Friday’s Weekend Column
About a Minnesota Man Exploring Life in the South

Atlanta, Georgia
by James Glaser
February 19, 2010

Here I am in the big city, Atlanta, Georgia. I have been told the metropolitan area is home to over 4.5 million people. If you ask me, every one of those people has a car and is driving around all day long.

Here is a tip. If, like me, you are from a small town, don't come to Atlanta unless you have a lot of patience and a GPS map system to help you navigate this city. My system is called a Garman, and because it has a woman's voice to tell you directions, Wanda named it Judy. It also helps if you have somebody in the passenger seat. An extra set of eyes, looking for street signs or an opening in the next lane is always helpful.

I am up here because Wanda's company has its main office in Atlanta, and she has meetings to go to all day. So, I used the time to do some gallery hopping. I made a list and after dropping her off, I put the first address into the Garman and headed off.

There is a lot of road construction going on in this area. Maybe it is part of the stimulus package Obama is touting, but if these are "shovel ready" projects, I have to say I saw no one with a shovel in their hands. With road construction going on, it seemed like only my exits were closed, and then the lady in the Garman would say, "Recalculating" as I passed by the exit I was supposed to take. I would swear her voice picked up an increase in attitude with each time she had to say, "Recalculating."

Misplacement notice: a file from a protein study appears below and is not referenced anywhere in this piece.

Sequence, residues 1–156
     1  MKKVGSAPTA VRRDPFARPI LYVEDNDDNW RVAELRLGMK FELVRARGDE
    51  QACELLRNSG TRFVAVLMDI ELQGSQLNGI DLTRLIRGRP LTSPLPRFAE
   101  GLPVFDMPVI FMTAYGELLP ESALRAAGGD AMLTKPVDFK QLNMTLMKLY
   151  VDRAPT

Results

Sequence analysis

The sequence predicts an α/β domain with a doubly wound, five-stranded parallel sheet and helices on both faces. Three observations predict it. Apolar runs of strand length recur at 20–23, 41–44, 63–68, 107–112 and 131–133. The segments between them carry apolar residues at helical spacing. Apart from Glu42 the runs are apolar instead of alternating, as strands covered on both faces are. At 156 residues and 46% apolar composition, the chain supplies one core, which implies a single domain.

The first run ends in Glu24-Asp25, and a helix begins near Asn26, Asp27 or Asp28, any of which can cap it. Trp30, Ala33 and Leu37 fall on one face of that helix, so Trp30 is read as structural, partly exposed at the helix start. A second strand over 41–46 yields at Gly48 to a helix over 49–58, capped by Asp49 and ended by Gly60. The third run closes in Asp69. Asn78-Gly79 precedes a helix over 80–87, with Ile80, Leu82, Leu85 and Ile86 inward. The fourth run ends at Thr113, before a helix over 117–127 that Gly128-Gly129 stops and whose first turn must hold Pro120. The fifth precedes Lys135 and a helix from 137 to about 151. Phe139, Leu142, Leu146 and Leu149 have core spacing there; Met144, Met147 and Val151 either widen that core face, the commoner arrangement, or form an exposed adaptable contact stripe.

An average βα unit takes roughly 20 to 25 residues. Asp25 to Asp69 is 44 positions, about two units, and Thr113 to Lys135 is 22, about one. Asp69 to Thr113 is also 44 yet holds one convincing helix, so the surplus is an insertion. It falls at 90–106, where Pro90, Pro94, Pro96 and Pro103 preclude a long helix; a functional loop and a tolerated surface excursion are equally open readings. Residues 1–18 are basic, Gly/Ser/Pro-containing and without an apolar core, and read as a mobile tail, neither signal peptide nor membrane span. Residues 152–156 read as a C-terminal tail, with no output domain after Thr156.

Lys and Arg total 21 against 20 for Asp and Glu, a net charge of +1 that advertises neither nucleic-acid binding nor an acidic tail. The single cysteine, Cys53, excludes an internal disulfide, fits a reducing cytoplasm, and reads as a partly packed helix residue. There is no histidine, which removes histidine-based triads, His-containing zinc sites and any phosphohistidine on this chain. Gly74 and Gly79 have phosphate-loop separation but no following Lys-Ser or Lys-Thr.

You have to remember, I lived in a town with a population of 280, and nobody used a turn signal, because everyone knew where you were going to turn anyway. I don't know why they don't use turn signals here, because they certainly can't all know each other, but they don't use them.

So, the first gallery on my list was 7.2 miles away, and it was a snap finding, but it had closed a month ago, and for some reason their web page was still up. The next gallery was closed, too. This second one was still in business, but they were closed just on Thursday afternoons. After this bad start, things got better, and the other five galleries on my list were all open.

What I was doing was what you are not supposed to do in the art world. I was making cold calls on galleries looking for one that might like to show my work. What you are supposed to do is send a disc with pictures of your work, along with a list of your shows and commissions, and some sort of cover letter.

I was never good at all that, and I really enjoy getting to talk with people. So when this trip came up, it was kind of short notice. But the night before we left, Wanda helped me put together a disc of photos. Wanda is my computer tech, and the only pretty geek I have seen.

So, I made seven copies with my name on the front of each with a copyright symbol and my e-mail address. I have always figured that my work was what would get me in a gallery, and that has proven to be true. The list of shows and commissions were just a bonus for the gallery owner who liked what I did. Galleries want to show work they think they can sell, and usually they know their market. Most owners, if they look at my work, can tell right away if it will be a good fit for their place.